The news media, pediatricians' offices, and parenting books are all full of information about autism in children; however, it can be a challenge to identify symptoms of adult autism. In decades past, autism received far less attention from the medical and education communities than it does today. This means there are likely many adults living with undiagnosed autism. Learning about the symptoms of autism can help these individuals find treatment options.
Forming close relationships can be challenging for adults on the autism spectrum. Idiosyncratic behaviors and language limitations can severely affect these individuals' ability to form friendships. Additionally, limited perspective-taking abilities and difficulty listening to others can present a challenge in relationships.
Similarly, romantic relationships can be incredibly difficult for individuals with autism. In addition to the challenges that come with regular friendships, there are many non-verbal cues associated with romantic interactions.
Problems Taking Cues From Others
For many adults with autism, non-verbal communication can present a significant challenge. These individuals may have difficulty interpreting facial expressions and gestures. They may find it hard to establish and maintain eye contact while talking with others.
Autistic adults may feel that they are always "missing" something when interacting with other people. If you find that you frequently misread other people, it may mean you have this symptom of autism.
Many people with autism experience extreme over- or under-sensitivity to stimuli, known as sensory processing disorder or sensory integration dysfunction. According to Psychology Today, this sensory processing disorder can present a major social challenge for adults with autism. Meeting new people brings in new sensory information, including smells, sounds, sights, and other types of input. This can lead some adults with autism to avoid new social interactions.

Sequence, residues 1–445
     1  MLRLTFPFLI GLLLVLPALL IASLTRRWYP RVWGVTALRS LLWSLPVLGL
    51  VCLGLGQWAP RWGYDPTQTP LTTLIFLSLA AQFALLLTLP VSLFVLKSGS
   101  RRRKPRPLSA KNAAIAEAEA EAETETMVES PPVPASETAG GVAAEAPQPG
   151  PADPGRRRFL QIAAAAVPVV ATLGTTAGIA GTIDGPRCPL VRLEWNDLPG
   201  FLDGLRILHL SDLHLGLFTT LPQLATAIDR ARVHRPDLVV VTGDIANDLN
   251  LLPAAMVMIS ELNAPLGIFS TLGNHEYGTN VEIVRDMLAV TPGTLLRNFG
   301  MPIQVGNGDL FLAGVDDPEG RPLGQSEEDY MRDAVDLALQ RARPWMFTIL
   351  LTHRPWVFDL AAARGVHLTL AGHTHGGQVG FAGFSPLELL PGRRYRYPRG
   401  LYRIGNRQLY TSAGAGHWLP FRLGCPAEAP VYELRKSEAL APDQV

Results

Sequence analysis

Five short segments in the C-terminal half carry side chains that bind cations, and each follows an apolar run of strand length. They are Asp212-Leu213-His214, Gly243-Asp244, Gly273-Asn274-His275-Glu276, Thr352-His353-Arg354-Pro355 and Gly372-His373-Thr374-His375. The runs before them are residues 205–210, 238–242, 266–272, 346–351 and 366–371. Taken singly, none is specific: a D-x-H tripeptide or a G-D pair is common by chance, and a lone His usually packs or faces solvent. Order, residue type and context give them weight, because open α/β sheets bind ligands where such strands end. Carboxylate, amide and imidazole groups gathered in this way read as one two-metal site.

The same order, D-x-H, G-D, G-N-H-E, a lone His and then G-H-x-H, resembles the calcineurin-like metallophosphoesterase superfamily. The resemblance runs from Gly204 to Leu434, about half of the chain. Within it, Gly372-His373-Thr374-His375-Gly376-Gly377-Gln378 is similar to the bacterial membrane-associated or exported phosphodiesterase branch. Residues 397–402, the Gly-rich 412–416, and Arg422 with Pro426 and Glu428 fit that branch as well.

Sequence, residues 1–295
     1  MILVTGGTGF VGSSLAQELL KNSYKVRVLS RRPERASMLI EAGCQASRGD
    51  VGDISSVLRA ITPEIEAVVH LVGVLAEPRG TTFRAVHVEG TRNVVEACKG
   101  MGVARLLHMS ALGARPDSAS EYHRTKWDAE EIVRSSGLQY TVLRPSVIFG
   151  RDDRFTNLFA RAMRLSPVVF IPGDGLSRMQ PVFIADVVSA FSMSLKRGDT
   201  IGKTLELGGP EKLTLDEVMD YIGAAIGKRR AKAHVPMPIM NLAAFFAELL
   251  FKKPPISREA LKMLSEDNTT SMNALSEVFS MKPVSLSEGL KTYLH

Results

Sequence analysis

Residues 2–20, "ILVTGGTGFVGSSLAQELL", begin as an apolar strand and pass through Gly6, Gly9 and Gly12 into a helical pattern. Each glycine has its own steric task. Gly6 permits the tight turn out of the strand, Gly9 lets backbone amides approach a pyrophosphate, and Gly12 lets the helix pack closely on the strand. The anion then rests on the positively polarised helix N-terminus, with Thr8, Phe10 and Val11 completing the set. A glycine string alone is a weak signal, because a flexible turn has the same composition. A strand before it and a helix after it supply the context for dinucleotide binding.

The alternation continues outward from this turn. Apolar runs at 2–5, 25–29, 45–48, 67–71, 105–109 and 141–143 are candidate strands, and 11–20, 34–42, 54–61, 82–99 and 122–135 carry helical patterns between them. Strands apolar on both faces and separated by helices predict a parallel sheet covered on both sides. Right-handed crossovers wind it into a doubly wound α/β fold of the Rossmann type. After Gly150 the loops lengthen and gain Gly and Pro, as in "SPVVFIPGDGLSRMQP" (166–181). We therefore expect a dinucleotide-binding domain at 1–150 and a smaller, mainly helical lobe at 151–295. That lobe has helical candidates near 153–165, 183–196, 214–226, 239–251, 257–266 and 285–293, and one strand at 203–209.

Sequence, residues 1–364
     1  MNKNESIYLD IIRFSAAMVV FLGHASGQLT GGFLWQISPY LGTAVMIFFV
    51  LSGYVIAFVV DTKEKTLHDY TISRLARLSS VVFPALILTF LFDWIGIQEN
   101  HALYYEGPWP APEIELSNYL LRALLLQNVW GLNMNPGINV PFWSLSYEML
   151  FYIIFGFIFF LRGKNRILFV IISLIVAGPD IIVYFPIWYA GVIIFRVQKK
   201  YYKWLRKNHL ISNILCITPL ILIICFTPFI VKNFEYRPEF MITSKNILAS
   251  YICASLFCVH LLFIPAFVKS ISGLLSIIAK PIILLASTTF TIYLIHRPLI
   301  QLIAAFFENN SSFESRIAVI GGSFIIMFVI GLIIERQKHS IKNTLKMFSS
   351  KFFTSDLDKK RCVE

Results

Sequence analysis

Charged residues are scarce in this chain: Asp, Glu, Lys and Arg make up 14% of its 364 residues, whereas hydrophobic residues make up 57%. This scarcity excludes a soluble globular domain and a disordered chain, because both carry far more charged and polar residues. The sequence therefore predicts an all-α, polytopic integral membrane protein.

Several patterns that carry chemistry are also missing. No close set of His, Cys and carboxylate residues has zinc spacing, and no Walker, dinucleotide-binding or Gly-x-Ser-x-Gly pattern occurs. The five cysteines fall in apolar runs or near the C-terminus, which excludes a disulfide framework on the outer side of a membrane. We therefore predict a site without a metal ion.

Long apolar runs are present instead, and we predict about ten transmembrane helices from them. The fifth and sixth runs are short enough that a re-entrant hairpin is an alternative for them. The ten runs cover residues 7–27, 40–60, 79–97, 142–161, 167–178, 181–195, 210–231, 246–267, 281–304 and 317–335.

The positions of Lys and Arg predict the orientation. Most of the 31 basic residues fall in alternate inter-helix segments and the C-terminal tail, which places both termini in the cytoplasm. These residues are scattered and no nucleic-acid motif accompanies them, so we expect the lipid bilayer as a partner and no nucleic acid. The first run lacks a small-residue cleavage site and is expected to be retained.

If you find you cannot stand certain sensations or constantly crave a particular type of sensory input, you may have this disorder. If the sensory challenges interfere with your ability to interact socially and also correspond with other symptoms of adult autism, you may be on the spectrum.
Lack of Empathy and Shared Perspective
Understanding where other people are coming from can be challenging for all adults but for those with autism, it can be even more difficult. Many individuals with autism struggle to understand the perspectives of others, which can come across as a lack of empathy. It can also make it difficult to connect with others on a deeper level.
This perspective challenge can also present a problem when it comes to humor, leaving many adults with autism to misinterpret jokes and sarcastic comments. The lack of skills to understand empathy can lead to many social problems.
According to WebMD, up to 40 percent of people diagnosed with autism are never able to speak. Adults who are completely non-verbal may be on the autism spectrum, but verbal communication can still present a challenge for those who can speak at an age-appropriate level.